How about a regime that strips out the good parts of failed banks to give us at least some sort of residual banking system.
Credit rating agencies
14. Credit rating agencies should be subject to registration and supervision to ensure good governance and management of conflicts of interest and to ensure that credit ratings are only applied to securities for which a consistent rating is possible.
There is always a conflict of interest unless they do it for free. Credit ratings can never be consistent.
15. Rating agencies and regulators should ensure that communication to investors about the appropriate use of ratings makes clear that they are designed to carry inference for credit risk, not liquidity or market price.
Pull the other one. The market publishes data for spreads for given ratings.
16. There should be a fundamental review of the use of structured finance ratings in the Basel II framework.
Basel II took a decade to negotiate and implement. Did you have any particular end date in mind for this review?
17. Remuneration policies should be designed to avoid incentives for undue risk taking; risk management considerations should be closely integrated into remuneration decisions. This should be achieved through the development and enforcement of UK and global codes.
Try that on all the banks in London and every Alphonse, Gustav, Marvin and Klaus in the City will be on the first plane to Switzerland. Limit it to UK incorporated banks and nobody will care.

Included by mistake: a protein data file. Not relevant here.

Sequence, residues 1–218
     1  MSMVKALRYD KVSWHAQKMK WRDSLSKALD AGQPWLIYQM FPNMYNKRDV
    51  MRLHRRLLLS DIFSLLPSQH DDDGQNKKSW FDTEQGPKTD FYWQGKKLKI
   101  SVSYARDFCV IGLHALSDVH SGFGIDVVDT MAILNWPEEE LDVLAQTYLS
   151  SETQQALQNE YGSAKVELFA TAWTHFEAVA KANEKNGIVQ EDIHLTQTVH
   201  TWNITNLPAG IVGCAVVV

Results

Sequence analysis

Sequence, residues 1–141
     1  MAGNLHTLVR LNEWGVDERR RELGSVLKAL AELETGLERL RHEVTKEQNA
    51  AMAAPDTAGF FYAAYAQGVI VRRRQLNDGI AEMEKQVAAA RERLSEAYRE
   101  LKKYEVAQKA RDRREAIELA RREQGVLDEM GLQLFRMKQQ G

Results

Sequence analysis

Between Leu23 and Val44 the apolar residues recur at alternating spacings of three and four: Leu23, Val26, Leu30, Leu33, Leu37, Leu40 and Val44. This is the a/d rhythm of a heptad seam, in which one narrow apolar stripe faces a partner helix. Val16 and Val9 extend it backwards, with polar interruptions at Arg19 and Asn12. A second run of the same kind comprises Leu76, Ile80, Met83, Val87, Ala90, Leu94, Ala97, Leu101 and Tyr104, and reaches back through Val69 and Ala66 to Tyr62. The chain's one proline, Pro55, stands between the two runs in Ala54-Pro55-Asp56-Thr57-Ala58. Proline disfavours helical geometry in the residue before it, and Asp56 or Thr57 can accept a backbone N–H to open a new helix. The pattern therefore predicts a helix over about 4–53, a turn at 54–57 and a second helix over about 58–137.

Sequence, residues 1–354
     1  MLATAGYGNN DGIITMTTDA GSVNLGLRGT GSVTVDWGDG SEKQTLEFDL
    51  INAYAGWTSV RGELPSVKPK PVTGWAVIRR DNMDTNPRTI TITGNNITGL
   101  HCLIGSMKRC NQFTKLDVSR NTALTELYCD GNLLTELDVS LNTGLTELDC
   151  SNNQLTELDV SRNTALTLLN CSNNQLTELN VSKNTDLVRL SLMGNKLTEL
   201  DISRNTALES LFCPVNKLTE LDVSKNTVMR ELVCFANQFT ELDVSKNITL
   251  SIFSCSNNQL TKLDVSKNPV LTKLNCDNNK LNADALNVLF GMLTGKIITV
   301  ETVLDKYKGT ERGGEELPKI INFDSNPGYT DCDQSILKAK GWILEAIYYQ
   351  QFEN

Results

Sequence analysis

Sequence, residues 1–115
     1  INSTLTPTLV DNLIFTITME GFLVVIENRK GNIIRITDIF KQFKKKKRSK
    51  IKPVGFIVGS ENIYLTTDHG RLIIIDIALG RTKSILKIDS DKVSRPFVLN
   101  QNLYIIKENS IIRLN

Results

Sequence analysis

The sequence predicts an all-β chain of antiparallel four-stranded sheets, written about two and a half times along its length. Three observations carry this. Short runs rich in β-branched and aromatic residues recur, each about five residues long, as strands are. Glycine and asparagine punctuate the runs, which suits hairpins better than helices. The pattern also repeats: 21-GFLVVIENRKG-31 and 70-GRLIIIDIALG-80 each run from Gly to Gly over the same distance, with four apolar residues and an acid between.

Credit Default Swap (CDS) market infrastructure
18. Clearing and central counterparty systems should be developed to cover the standardised contracts which account for the majority of CDS trading.
This was not the problem. They all cleared correctly. The problem was the big unreported exposures and at least one unregulated entity in the UK market with a $500 billion book.
19. Both the Bank of England and the FSA should be extensively and collaboratively involved in macro-prudential analysis and the identification of policy measures. Measures such as countercyclical capital and liquidity requirements should be used to offset these risks.
Are you saying Gordon Brown doesn’t listen?
20. Institutions such as the IMF must have the resources and robust independence to do high quality macro-prudential analysis and if necessary to challenge conventional intellectual wisdoms and national policies.
Correct. They have been doing so for years. Sadly, Gordon Brown didn’t listen to them.
FSA supervisory approach
21. The FSA should complete the implementation of its Supervisory Enhancement Program (SEP) which entails a major shift in its supervisory approach with:
• Increase in resources devoted to high impact firms and in particular to large complex banks.
• Focus on business models, strategies, risks and outcomes, rather than primarily on systems and processes.
• Focus on technical skills as well as probity of approved persons.
• Increased analysis of sectors and comparative analysis of firm performance.
• Investment in specialist prudential skills.
• More intensive information requirements on key risks (e.g. liquidity)
• A focus on remuneration policies
Blimey, now they admit all the things they haven’t been doing properly
22. The SEP changes should be further reinforced by
• Development of capabilities in macro-prudential analysis
• A major intensification of the role the FSA plays in bank balance sheet analysis and in the oversight of accounting judgements.
No the FSA is going to be full of accounting experts. I think such matters should be left to the true experts and independent adjudicators.
Firm risk management and governance
23. The Walker Review should consider in particular:
• Whether changes in governance structure are required to increase the independence of risk management functions.